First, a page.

Saturday, 16 September 2017

Succulent Asclepiads From Seed

Growing Asclepiad Seed – Including Stapelia, Orbea, Huernia, Caralluma, Ceropegia, Angolluma, Tavaresia and Hoodia

Asclepiad seed is amongst the fastest germinating seed there is.  Some varieties will start to germinate in less than 24 hours (Hoodia) and most do so within a few days.

There are a few simple rules and precautions to follow when sowing this seed.

The golden rule is cleanliness.  Almost more than any other type of seed I know, Asclepiad seed suffers from fungal infections.  To combat this scrupulous cleanliness is necessary.  Sterile soil is recommended, I sterilise mine in the microwave (always goes down well!).  Watering with Chinosol or a copper based fungicide also helps.

Sow the seed on the surface of sterile compost, the type you would use for cactus i.e. gritty.  Spray gently to settle in using a fungicide solution as mentioned above and seal in a plastic bag and place somewhere warm (25 - 30 Deg C) but do not exclude light.  I use a propagator and would thoroughly recommend the use of one when germinating this seed.

As stated earlier the seed should germinate quickly.  Once the seeds have germinated move the pot to slightly cooler conditions, but keep it sealed for now.  The seedlings will look like nothing you have ever seen before (unless you routinely grow Asclepiads), eventually from between the 2 seed leaves, the leafless stem will push out.  Once this happens you can open the bag to admit some air.  Do not over water; conversely do not allow the plants to dry out too much.

By the end of the first growing season your plants might be anything up to 5cm tall or more.  When potting on use open gritty compost and a pot that is slightly bigger than the last one.

Flowering can occur from 2 years on.  The plants only flower on new growth (1 year old stems or younger), so plants that have not grown in the previous 12 months, probably wont flower. 

Despite their succulence, they are often described as repressed tropical plants.  To this end, providing they are in an open mix, they can be fairly freely watered during the growing season.  The important thing is to start of watering in spring, slowly and gently, lest you lose the plant to rot whilst it is recovering from losing most of its roots in winter.   If you see new growth, then this is a sign that the roots are there doing their job and you can water with a less restrained hand.  Plants treated in this way can make phenomenal amounts of growth in the season and flower away endlessly.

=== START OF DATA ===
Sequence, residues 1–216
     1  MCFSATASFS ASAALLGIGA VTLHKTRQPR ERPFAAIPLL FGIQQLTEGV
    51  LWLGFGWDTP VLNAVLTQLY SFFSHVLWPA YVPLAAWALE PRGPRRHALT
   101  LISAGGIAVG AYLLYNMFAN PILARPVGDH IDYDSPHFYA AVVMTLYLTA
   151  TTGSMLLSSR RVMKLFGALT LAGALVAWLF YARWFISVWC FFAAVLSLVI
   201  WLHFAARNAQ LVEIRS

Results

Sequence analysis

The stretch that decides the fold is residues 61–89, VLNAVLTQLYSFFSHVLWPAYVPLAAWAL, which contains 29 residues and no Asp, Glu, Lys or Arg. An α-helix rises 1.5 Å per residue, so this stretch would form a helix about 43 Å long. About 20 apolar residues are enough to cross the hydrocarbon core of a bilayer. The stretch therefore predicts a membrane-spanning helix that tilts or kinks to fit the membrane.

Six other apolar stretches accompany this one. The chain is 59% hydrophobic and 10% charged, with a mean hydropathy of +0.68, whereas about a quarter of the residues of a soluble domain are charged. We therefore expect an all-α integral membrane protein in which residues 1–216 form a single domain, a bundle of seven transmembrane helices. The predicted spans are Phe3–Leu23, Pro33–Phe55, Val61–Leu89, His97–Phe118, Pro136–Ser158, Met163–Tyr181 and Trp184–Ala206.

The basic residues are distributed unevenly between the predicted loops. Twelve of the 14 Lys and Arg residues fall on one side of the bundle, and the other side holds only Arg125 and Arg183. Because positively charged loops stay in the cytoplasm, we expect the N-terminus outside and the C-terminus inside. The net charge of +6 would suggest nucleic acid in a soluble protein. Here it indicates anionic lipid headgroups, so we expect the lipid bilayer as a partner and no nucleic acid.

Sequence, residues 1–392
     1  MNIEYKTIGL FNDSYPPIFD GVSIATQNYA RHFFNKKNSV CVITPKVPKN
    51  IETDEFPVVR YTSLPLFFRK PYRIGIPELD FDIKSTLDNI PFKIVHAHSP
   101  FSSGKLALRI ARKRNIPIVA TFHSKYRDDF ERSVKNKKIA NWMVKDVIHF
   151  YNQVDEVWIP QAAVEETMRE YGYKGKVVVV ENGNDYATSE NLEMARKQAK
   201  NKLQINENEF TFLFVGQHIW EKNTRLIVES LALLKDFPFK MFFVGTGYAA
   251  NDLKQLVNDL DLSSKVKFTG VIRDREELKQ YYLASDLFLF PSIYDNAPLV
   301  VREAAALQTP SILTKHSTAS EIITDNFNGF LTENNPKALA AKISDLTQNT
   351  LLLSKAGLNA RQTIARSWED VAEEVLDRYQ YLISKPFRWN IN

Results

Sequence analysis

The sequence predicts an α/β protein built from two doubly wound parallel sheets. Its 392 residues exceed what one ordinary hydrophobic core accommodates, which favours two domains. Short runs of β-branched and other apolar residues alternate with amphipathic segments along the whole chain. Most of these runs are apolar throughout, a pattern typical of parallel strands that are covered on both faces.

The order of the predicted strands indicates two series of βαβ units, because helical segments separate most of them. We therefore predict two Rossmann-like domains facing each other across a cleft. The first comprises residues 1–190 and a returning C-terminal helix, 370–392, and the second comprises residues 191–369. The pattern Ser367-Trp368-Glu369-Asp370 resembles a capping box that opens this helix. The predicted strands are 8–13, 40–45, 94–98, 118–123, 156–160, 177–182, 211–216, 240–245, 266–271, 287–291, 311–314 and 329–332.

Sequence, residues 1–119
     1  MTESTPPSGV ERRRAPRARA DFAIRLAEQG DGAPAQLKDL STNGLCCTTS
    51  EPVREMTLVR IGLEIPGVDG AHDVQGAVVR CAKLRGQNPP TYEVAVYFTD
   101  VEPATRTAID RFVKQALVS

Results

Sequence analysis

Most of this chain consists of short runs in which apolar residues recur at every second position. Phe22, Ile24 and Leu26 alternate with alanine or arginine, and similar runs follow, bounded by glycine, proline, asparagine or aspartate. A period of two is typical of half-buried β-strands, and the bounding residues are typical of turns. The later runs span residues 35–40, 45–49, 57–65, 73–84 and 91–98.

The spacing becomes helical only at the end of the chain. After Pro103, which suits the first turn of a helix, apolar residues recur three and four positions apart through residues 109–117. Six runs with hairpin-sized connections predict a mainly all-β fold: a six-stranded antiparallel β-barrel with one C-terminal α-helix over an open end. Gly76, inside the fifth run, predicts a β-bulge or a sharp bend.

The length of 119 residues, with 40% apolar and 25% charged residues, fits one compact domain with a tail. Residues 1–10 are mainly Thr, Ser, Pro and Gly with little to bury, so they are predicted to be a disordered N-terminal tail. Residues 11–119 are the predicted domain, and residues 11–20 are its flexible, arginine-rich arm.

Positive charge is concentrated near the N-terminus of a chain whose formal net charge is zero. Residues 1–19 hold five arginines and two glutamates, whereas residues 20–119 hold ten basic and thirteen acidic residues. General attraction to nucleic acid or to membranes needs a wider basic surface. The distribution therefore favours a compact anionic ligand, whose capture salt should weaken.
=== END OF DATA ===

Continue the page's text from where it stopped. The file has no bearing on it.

For more info on these fascinating plants see or where you will find a whole host of links and resources.

Good growing!

For Edithcolea and Stephanotis see the next page for some specifics that need to be taken into account when growing these stunning species
Edithcolea grandis

Growing Edithcolea is fairly easy providing you follow these few golden rules:

1. Temperature – not below 15 Deg C in the winter – EVER.

2. Watering – only when dry, during Late April – Late September and NEVER when it is cool.

3. Soil – very open mix at least 50% grit, possibly more.

4. Feed – Two to three times a season (May, June/July, August – and that’s it!)

5. Light – Bright light as seedlings – once they’re older they can take some full sun – they naturally grow underneath other shrubs and succulents in habitat, so these provide shade.

6. Propagation – can be from cuttings but this is hard and not for the feint hearted as you are likely to fail more times than you succeed – best growing from seed.

Follow these rules and you will be rewarded with healthy plants and beautiful flowers.  Pictures can never do justice to these gorgeous flowers and until you have seen one in the flesh you cannot truly appreciate just how beautiful they are.

Stephanotis floribunda

This stunning tropical requires a little different care from the above.

They need to be covered with a fine layer of the seed mix.

They take around 4 to 8 weeks to come up.

They need to be potted on once they reach the four leaf stage and growing in bright (not direct sun) light.

Do not turn them too often, the leaves and buds will turn to the incident light very quickly and this may cause issues if they are turned when the light is from a window (ie from one side only).

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